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Discipline: LD/Endurance, CMO, Trail Rider, Cartoonist, Writer, Co-Director/ Green Bean Endurance

December 22, 2010

Shades of Gray

I'm bouncing this topic off of the Boots and Saddles blog (thanks Mel), and congrats on your new boot business too.  Fee looked "fine" with that big whacking red stride!

I want to talk about my 7/8 arabian (polish/cmk) bred mare.  She is a horse that pushes constantly for leadership, she is spooky, and often a pain in the butt.  If you put her up for two weeks you might as well figure you will have at least three days of ground work before you get her head back into the right place for riding again. 
So let's tick off the negatives from the beginning and the things that I have accomplished will be followed with a *

1. No ground manners * (enlisted a trainer to begin round penning for respect)
2. Would not load in a horse trailer. * (enlisted a trainer for at home clinic)
3. Not under saddle. * 
4. Never on the trail. *
5. Never away from home.*
6. Could not walk down a steep hill without about killing herself.*
7. Would not cross water.*
8.  Not road safe.
9.  Would not tie.*
10. Could not stand still for the vet.*
11. Could not relax in camp.*
12. Would not take electrolytes in a syringe.*
13. Afraid of objects.*
14. Could not rate on trail at LD's.*
15. Spooked and spun back constantly. (down 90%)
16. In constant motion when tied. (down 75%)
17.  Would not eat at ride camp.  75% improved
18. Would not drink at ride camp. *
19. Would not stand for vaccinations. *
20.  Will not drink on trail.  50% improved.
21.  Scoring B's at vet checks in metabolic areas. (this was initially a C but we are working at it and getting incrementally better).

Now for the rider:

1.  Clueless about endurance riding.  * (no longer clueless but still a newbie)
2.  Taking advice as gospel from experienced riders. * (learned not all advice is good)
3.  Could not ride a balanced posting trot.  * (took lessons and cleared that up)
4.  Had not ridden a hands free canter with Phebes when we first started out.  * (We can do so now but I'm not real confident at it,  have lessons arranged once the snow is off the arena...probably February or March).   I think lessons will give me more confidence in her.
5.  The ribbons....oh hell! The ribbons!   * By gosh, I think I've got it!
6.  LSD. *   Yes, I actually got the curve on that now, and mine is much slower than your's.  I've learned that "slow" means really different things to different people.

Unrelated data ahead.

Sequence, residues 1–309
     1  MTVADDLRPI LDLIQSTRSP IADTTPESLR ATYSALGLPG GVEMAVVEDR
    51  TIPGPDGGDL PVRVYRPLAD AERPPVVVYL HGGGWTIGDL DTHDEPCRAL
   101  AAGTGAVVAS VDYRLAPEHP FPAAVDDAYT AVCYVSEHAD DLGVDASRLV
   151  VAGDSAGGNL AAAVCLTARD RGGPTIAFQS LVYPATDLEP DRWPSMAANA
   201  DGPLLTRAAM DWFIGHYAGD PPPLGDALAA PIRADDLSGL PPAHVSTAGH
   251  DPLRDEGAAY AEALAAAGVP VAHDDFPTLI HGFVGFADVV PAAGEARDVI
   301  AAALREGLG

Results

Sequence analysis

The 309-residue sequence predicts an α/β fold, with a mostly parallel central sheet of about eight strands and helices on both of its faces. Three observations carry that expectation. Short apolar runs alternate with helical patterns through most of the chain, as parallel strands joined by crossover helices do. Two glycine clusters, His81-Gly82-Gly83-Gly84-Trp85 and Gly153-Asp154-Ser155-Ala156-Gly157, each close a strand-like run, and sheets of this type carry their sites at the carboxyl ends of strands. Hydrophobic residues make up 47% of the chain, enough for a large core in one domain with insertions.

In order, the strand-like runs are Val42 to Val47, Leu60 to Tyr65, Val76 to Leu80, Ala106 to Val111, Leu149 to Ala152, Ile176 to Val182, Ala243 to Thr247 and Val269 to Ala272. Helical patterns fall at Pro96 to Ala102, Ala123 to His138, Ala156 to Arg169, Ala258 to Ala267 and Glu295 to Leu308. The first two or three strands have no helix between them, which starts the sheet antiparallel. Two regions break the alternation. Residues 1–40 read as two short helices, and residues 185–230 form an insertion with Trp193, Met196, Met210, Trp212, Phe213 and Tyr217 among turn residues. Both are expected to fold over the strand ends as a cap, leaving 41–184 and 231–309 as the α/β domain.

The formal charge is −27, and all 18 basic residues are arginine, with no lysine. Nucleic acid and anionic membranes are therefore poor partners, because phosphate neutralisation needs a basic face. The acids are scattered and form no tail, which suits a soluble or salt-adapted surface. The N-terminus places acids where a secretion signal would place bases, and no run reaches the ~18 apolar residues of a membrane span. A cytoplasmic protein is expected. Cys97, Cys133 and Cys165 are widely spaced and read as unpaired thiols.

And the list could go on and on.  Things we need to learn and conquer?   Many shades of gray. 

This blog is about a sometimes clueless horsewoman,  and a journey on "my" horse from literally the ground up.  It is about me picking up the pieces of the puzzle and turning them around, and around.  It is about how much I love the look of the trail between my horses ears, the many set backs, frustrations,  and conquering most of those one little piece at a time.  It isn't about me becoming an endurance (50+) rider as much as it is about  doing what I enjoy, (even though I may grouch & grumble) perserverence, and loving the horse I have even though she has warts so to speak.    I don't want my journey to be bought.  I want to earn it. My little girl has about 100 + LD completion miles.  Way to early to write off this sport though I have a cheering section that thinks I should.  I believe in her and I believe in me.   We will adjust our sails, and float on.   We will go even slower still if need be.  And Mel...thank you for understanding and offering up your been there, done that real world perspective.  There are newbies, and then there are NEWBIES.  ~ E.G.


  1. Boy, did I need this post today. Thanks EG!

  2. Truthfully, I'm not sure it's possible to successfully *buy* an endurance career, although gawd knows I see plenty of people try.

    Every year (heck, every ride ) somebody new shows up in camp with a horse we all recognize.

    However, endurance people don't sell their best horses (not locally, anyhow). They sell the horses with "issues." The newbie who figures that s/he has purchased success by buying an experienced endurance horse, has instead often purchased "issues."

    Alternately, say that a newbie gets to ride a REALLY AWESOME endurance horse for his/her first event...I'm talking a horse like Zayante or Heraldic. What does a newbie learn from this experience? A newbie doesn't know what s/he doesn't know , so a newbie won't learn nearly as much by riding a great horse as by riding an "ordinary" horse.

    I've seen better success for newbies who try the sport with the horse they already know and are already fond of BEFORE the start line. Not 100% success, and not immediate success sometimes. But longer-lasting, deeper-held success, because the person really, REALLY learns stuff when it gets learned "the hard way."

    EG, you're doing fine. Keep going!

  3. You deserve a serious pat on the back :)

  4. EG, I love your saying, "We will adjust our sails and float on" - what a wonderful way with words! You go, girl- it is great to read about your journey, and it is inspiring to others as well!